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Will U.S. Government Crackdown on "Greenwashing"?

The Federal Trade Commission will update its marketing and advertising guidelines for how businesses must back up their environmental assertions



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The Federal Trade Commission is expected to crack down on "greenwashing" when it updates its environmental marketing guidelines for the first time since 1998.

The agency's Guides for the Use of Environmental Marketing Claims, or Green Guides, define terms such as "recyclable" and "biodegradable" and explain how businesses should back up environmental assertions. Though FTC cannot force businesses to adopt greener practices, Section 5 of the FTC Act authorizes the agency to intervene when businesses are misrepresenting their practices to clients -- in other words, turning greenwashing into fraud.

FTC did not use those guidelines to file any complaints regarding environmental claims during the administration of President George W. Bush, but it has filed seven since Obama took office.

David Vladeck, director of FTC's Bureau of Consumer Protection, told the Senate Subcommittee on Consumer Protection last summer that tougher enforcement and environmental guidelines are a major part of the commission's agenda.

"In response to the explosion of green marketing in recent years, the agency initiated a review of its Green Guides to ensure that they are responsive to today's marketplace," Vladeck said in his written testimony. The commission is looking into topics beyond the scope of the existing guides, he noted, "because many currently used green claims, such as 'sustainable' and 'carbon neutral,' were not common when the Commission last revised the Guides."

Industry and environmental groups are also eager to find out whether the revised Green Guides will weigh in on the largely unregulated markets for carbon offsets, renewable energy credits and environmental certifications, all of which were addressed during public workshops in 2008. Regulatory experts say stricter marketing guidelines would fit into the Obama administration's efforts to expand environmental oversight by the executive branch.

"If they can't get climate change regulations passed through Congress, the administration is going to do whatever it can to keep moving the ball forward," said Hamilton Hackney, an environmental attorney and shareholder at the Boston office of Greenberg Traurig LLP. "Sometimes, these 'collateral regulations' can have almost as much of an impact."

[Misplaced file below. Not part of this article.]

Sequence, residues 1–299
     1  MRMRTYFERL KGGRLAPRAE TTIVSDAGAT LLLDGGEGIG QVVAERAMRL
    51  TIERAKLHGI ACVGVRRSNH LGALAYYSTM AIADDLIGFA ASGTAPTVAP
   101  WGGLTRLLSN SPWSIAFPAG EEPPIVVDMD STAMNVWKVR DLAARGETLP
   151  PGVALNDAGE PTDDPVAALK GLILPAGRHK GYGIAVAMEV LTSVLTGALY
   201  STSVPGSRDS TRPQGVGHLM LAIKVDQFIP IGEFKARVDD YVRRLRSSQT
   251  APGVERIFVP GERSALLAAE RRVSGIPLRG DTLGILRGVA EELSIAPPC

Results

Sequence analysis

Most industry groups are closely following U.S. EPA's efforts to regulate greenhouse gas emissions, Hackney said, but even agencies historically uninvolved with environmental issues have started assuming environmental oversight responsibilities. The Securities and Exchange Commission, for instance, voted last month to require publicly traded companies to disclose to investors the potential economic impact of new greenhouse gas regulations (E&ENews PM, Jan. 27).

Environmental groups are excited that FTC is examining the issue of greenwashing, though they are not sure what to expect. The agency has remained tight-lipped on details of the revisions, said Claudette Juska, a research specialist at Greenpeace. "It's been a little bit hard to see into the process," said Juska, who submitted a comment during the public review process in 2008.

FTC's information-gathering process was completed in the fall when the results of a consumer perception study arrived, said James Kohm, director of the commission's enforcement division, in an interview. The commission has begun deliberating on revisions, he said, but no timeline has been announced for their release or implementation.

Fighting greenwash

FTC takes action on relatively few environmental cases. Around 45 complaints have been filed under the Green Guides since their initial implementation in 1992, according to commission data.

While the complaints might only scratch the surface of greenwashing, Juska said, they serve as a deterrent. She said Greenpeace would like to see the Green Guides become stricter, but FTC could achieve the same goal by cracking down on greenwashing using the standards that are already in place.

"The Green Guides themselves serve as great guidelines," Juska said. "But if they're not being enforced, they're not useful."

As part of its environmental enforcement campaign last year, FTC went after Kmart Corp., which ultimately agreed to change the marketing for a line of house-brand paper plates. Kmart had advertised the plates as biodegradable, which FTC deemed misleading because the plates would not usually decompose in municipal solid waste facilities, where about 90 percent of garbage is disposed.